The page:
Europe's move away from pipeline gas from Russia and towards liquefied natural gas (LNG) from countries like Qatar may be geopolitically imperative.

In poorer regions of the world, however, this threatens to exacerbate the already strained energy supply.

In the past, natural gas was considered a reliable and affordable source of energy that would play an increasing role in meeting rising energy demand.

However, the global supply of LNG can hardly be increased in the short term.

This is what the International Energy Agency wrote in its gas market report published on Tuesday.

"Europe's rising demand for LNG to replace Russia's pipeline gas supply has created an exceptionally tight global market," it said.

Record high European gas prices have made the continent a "premium market" for LNG, attracting supplies from other regions but causing supply shortages and "destroying" demand in other markets.

Europe's LNG demand will exceed supply growth this year, the Energy Agency estimates, and account for more than 60 percent of net growth in global LNG trade by 2025.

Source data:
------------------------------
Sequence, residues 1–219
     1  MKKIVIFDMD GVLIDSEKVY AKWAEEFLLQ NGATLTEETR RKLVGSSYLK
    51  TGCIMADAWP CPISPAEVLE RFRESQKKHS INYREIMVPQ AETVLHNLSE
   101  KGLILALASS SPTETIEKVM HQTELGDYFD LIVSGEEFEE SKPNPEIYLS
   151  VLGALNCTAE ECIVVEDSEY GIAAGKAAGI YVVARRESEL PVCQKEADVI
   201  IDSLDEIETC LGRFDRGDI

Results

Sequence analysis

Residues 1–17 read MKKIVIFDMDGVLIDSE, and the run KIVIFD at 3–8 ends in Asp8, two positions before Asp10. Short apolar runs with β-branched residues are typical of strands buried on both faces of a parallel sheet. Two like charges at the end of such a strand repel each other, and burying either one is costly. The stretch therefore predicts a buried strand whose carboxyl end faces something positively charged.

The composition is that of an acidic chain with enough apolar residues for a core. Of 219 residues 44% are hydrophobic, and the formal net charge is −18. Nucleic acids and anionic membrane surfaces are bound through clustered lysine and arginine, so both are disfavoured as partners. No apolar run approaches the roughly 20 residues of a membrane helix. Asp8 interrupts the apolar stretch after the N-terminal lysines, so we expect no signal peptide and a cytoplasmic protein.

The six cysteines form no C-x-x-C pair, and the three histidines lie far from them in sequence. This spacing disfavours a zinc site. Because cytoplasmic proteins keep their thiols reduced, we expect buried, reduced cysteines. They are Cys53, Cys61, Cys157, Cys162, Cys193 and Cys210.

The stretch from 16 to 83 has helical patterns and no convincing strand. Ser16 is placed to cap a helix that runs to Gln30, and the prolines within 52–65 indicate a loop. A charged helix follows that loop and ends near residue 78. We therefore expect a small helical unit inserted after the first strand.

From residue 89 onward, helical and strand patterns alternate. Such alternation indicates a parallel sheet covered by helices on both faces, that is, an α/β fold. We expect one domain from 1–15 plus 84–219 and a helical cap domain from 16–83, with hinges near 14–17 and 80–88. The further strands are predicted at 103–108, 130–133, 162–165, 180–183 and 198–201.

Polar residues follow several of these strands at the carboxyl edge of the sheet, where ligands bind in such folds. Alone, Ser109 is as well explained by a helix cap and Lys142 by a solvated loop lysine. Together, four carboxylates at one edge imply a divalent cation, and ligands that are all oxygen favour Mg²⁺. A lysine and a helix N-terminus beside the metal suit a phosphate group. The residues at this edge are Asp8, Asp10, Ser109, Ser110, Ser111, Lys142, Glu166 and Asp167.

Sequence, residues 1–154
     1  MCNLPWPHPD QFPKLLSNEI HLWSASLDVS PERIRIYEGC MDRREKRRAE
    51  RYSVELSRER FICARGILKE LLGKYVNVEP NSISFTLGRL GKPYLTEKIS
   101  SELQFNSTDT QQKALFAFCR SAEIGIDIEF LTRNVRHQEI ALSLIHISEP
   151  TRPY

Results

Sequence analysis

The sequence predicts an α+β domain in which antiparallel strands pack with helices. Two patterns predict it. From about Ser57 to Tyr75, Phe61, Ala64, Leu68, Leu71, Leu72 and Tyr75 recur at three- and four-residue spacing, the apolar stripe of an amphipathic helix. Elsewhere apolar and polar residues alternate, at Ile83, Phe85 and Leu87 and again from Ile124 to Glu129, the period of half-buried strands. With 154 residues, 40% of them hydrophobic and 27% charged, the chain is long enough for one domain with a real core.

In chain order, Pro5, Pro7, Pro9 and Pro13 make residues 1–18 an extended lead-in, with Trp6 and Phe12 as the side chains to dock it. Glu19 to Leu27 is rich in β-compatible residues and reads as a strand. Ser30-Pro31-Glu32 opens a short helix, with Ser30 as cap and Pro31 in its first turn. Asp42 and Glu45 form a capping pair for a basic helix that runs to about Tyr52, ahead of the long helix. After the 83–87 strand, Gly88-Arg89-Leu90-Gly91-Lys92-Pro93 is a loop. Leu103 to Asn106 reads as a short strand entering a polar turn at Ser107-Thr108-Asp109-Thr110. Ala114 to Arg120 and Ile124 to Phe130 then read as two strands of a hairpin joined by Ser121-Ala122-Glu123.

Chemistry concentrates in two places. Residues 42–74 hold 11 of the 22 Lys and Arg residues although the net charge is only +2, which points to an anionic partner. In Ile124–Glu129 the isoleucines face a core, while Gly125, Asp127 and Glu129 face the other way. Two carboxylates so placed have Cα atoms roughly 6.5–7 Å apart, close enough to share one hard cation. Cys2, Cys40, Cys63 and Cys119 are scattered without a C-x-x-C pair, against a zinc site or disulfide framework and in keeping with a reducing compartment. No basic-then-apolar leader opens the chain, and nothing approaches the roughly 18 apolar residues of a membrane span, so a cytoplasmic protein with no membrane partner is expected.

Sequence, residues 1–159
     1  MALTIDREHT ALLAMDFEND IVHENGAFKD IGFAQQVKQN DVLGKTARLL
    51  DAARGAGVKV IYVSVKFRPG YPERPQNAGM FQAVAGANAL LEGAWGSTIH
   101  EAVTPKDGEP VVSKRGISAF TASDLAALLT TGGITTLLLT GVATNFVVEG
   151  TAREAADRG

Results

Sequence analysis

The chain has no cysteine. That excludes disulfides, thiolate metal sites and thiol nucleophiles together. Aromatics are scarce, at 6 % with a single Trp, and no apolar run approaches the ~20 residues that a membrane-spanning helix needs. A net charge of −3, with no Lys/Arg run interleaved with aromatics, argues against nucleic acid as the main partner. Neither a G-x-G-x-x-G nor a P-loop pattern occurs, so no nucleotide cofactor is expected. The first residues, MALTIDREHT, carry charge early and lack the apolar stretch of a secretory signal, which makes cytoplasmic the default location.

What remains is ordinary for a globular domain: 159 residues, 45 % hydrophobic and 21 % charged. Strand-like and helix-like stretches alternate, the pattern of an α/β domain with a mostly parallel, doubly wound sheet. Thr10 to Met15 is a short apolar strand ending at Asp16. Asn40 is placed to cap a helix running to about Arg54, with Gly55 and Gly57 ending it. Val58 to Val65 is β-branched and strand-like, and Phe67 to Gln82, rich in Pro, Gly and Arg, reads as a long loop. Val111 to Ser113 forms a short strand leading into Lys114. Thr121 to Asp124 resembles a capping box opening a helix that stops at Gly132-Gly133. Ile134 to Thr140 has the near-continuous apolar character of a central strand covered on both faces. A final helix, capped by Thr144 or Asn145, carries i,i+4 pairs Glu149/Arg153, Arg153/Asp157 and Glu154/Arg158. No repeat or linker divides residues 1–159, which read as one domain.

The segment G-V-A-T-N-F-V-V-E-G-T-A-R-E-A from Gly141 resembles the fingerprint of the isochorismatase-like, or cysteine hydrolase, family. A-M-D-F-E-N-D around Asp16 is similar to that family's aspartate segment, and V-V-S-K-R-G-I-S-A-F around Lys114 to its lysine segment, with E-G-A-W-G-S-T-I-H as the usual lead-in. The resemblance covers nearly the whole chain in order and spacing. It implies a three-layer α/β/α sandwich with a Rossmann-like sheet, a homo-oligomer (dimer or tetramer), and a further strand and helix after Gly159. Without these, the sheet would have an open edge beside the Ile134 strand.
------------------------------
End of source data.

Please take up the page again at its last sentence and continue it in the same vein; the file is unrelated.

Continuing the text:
Supply hardly grows

Anyone who believes that the flourishing demand for liquid gas will lead to a sharp increase in supply, at least in the coming years, is also wrong.

Rather, the expansion of LNG liquefaction capacity should initially “slow down significantly”, according to the Energy Agency report.

The reason is a combination of restricted investment decisions during the period of lower oil and gas prices in the mid-2010s and corona-related construction delays.

Southeast Asia is one of the victims.

Rising LNG prices have already led to periodic gas shortages, power outages, a fuel switch away from gas and a drop in demand in certain sectors in recent months, the experts at the Energy Agency continue to write.

Nevertheless, the high dependency of the Asian emerging countries on LNG will even increase: countries such as Vietnam or the Philippines have so far signed long-term contracts and will therefore have to compete with Europe and Northeast Asia for short-term LNG supplies in the coming years.

Instead of simply replacing Russian gas with gas from other countries, the Energy Agency believes that Europe should push ahead with the energy transition and thus accelerate the move away from natural gas.

That would ease the pressure on its world market price, give “price-sensitive emerging economies” easier access to supplies, and phase out coal-firing sooner in such regions.

As a result, CO2 emissions would drop and air quality would improve.

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